Differentiation potential of human muscle-derived cells towards chondrogenic phenotype in alginate beads culture.
ABSTRACT The aim of this study was to evaluate the differentiation potential of two populations of muscle-derived cells (CD56- and CD56+) towards chondrogenic phenotype in alginate beads culture and to compare the effect of transforming growth factor beta 1 (TGFbeta1) on the differentiation process in these populations.
Muscle CD56- and CD56+ cells were cultured in alginate beads, in a chondrogenic medium, containing or not TGFbeta1 (10 ng/ml). Cultures were maintained for 3, 7, 14 or 21 days in a humidified culture incubator. At harvest, one culture of each set was fixed for alcian blue staining and aggrecan detection. The steady-state level of matrix macromolecules mRNA was assessed by real-time polymerase chain reaction (PCR). Protein detection was performed by western-blot analysis. The binding activity of nuclear extracts to Cbfa1 DNA sequence was also evaluated by electrophoretic mobility shift assays (EMSA).
Chondrogenic differentiation of both CD56+ and CD56- muscle-derived cells was improved in alginate scaffold, even without growth factor, as suggested by increased chondrogenesis markers expression during the culture. Furthermore, TGFbeta1 enhanced the differentiation process and allowed to maintain a high expression of markers of mature chondrocytes. Of importance, the combination of alginate and TGFbeta1 treatment resulted in a further down-regulation of collagen type I and type X, as well as Cbfa1 both expression and binding activity.
Thus, alginate scaffold and chondrogenic medium are sufficient to lead both populations CD56+ and CD56- towards chondrogenic differentiation. Moreover, TGFbeta1 enhances this process and allows to maintain the chondrogenic phenotype by inhibiting terminal differentiation, particularly for CD56- cells.
- Nature 01/1999; · 38.60 Impact Factor
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ABSTRACT: A clinical trial was conducted to test a new protocol of normal muscle precursor cell (MPC) allotransplantation in skeletal muscles of patients with Duchenne muscular dystrophy (DMD). Cultured MPCs obtained from one of the patient's parents were implanted in 0.25 or 1 cm of a Tibialis anterior in 9 patients with DMD. MPC injections were placed 1 to 2 mm from each other, and a similar pattern of saline injections was done in the contralateral muscle. The patients were immunosuppressed with tacrolimus. Muscle biopsies were performed at the injected sites 4 weeks later. In the biopsies of the cell-grafted sites, there were myofibers expressing donor's dystrophin in 8 patients. The percentage of myofibers expressing donor's dystrophin varied from 3.5% to 26%. Evidence of small myofiber neoformation was observed in some patients. Donor-derived dystrophin transcripts were detected by reverse transcriptase-polymerase chain reaction in the cell-grafted sites in all patients. The protocol of immunosuppression was sufficient to obtain these results, although it is not certain whether acute rejection was efficiently controlled in all the cases. In conclusion, intramuscular allotransplantation of normal MPCs can induce the expression of donor-derived dystrophin in skeletal muscles of patients with DMD, although this expression is restricted to the sites of MPC injection.Journal of Neuropathology and Experimental Neurology 05/2006; 65(4):371-86. · 4.35 Impact Factor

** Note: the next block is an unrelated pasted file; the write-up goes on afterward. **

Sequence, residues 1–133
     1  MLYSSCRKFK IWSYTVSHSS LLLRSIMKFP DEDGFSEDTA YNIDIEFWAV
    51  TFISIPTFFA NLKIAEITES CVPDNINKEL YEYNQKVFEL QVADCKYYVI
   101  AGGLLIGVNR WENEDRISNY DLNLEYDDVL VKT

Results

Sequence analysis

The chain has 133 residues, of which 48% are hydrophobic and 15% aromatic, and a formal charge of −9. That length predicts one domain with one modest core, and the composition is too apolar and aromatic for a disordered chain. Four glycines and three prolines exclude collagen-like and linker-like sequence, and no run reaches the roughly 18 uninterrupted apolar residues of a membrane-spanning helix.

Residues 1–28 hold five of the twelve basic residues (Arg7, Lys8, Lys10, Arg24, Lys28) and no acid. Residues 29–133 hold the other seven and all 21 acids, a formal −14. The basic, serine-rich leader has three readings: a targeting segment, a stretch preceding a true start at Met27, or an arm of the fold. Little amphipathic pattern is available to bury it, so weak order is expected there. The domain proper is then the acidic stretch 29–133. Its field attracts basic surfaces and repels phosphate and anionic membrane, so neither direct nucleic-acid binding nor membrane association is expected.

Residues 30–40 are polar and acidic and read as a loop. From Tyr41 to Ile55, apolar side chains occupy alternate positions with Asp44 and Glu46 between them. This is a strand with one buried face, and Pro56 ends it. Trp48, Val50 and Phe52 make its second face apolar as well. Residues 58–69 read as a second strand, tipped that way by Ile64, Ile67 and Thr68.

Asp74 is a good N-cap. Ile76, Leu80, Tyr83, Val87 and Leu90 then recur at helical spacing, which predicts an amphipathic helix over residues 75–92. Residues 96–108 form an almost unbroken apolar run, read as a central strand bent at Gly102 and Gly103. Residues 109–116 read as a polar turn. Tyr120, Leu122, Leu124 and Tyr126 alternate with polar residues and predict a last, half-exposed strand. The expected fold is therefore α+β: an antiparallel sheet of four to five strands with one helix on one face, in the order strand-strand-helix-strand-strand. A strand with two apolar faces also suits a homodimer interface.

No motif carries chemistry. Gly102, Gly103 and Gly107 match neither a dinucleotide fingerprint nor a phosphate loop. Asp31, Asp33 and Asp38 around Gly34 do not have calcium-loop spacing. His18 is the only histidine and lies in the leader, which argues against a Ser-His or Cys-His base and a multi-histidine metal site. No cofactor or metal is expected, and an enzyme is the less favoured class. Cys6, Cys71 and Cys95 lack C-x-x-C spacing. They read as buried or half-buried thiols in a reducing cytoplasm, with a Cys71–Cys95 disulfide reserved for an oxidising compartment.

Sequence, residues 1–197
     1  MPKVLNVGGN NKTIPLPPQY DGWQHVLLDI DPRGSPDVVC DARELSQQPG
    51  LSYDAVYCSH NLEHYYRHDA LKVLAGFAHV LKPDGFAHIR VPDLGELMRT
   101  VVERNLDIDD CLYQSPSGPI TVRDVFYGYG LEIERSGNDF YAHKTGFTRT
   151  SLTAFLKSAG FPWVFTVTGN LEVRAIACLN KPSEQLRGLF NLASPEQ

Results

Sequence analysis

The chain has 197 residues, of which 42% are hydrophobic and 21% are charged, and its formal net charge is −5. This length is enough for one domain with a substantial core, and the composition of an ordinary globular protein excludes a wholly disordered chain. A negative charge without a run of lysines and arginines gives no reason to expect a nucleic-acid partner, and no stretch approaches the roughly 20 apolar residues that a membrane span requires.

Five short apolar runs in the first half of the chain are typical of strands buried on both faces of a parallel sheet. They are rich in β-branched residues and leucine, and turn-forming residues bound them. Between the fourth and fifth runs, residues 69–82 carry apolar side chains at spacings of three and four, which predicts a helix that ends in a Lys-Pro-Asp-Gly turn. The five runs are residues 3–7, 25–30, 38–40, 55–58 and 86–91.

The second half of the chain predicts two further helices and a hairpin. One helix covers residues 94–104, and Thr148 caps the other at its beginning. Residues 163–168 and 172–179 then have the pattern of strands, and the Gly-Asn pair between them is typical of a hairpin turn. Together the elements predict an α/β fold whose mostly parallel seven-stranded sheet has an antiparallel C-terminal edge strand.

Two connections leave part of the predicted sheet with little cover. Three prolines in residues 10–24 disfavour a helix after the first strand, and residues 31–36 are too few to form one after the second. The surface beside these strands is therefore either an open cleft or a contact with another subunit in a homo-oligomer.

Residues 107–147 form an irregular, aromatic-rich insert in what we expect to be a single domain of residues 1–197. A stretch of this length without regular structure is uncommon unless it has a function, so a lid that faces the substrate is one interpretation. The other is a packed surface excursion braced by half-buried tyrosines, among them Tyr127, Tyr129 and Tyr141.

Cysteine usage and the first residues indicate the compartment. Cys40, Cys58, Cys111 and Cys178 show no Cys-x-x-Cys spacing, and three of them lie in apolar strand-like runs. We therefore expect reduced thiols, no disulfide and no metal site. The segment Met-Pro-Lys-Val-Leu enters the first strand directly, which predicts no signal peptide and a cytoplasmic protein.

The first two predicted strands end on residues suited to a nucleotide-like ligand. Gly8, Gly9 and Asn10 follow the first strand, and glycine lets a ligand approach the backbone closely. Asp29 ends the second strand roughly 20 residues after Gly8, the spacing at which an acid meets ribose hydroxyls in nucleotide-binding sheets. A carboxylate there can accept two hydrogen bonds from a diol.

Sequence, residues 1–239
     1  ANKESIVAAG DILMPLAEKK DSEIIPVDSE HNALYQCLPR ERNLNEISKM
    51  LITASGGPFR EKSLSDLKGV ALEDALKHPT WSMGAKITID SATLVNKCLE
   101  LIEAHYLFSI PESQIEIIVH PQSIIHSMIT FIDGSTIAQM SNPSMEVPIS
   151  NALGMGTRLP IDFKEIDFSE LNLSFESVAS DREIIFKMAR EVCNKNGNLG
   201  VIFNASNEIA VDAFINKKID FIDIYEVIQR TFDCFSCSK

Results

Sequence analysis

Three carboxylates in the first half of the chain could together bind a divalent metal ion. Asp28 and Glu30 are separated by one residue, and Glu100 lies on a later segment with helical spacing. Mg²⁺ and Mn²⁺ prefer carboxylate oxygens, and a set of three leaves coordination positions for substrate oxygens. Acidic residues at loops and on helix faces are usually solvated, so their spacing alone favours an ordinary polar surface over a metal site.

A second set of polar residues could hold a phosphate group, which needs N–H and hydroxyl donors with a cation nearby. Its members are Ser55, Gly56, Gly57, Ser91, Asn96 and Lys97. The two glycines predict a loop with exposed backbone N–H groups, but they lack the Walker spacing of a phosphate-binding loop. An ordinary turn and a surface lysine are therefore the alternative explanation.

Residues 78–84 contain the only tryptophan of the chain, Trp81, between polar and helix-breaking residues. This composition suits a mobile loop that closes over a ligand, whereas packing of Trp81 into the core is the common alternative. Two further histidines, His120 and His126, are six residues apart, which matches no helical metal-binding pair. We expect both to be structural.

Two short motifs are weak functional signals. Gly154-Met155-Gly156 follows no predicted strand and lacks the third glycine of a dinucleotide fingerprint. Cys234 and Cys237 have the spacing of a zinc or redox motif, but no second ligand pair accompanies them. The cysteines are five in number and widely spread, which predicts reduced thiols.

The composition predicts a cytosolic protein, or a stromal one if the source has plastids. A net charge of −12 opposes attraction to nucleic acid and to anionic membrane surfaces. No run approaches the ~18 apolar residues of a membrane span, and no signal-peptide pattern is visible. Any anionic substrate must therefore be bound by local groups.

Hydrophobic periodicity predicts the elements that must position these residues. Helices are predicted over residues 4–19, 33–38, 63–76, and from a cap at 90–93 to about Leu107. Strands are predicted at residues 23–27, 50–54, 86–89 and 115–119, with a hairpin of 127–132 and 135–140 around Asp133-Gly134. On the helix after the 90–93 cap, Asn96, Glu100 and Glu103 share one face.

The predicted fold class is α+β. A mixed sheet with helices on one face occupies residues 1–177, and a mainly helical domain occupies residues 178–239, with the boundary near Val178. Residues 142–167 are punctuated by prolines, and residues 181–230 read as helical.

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ABSTRACT: Members of the transforming growth factor beta (TGF-beta) family of multifunctional peptides are involved in almost every aspect of development. Model systems, ranging from genetically tractable invertebrates to genetically engineered mice, have been used to determine the mechanisms of TGF-beta signaling in normal development and in pathological situations. Furthermore, mutations in genes for the ligands, receptors, extracellular modulators, and intracellular signaling molecules have been associated with several human disorders. The most common are those associated with the development and maintenance of the skeletal system and axial patterning. This review focuses on the mechanisms of TGF-beta signaling with special emphasis on the molecules involved in human disorders of patterning and skeletal development.Birth Defects Research Part C Embryo Today Reviews 12/2003; 69(4):333-51. · 3.15 Impact Factor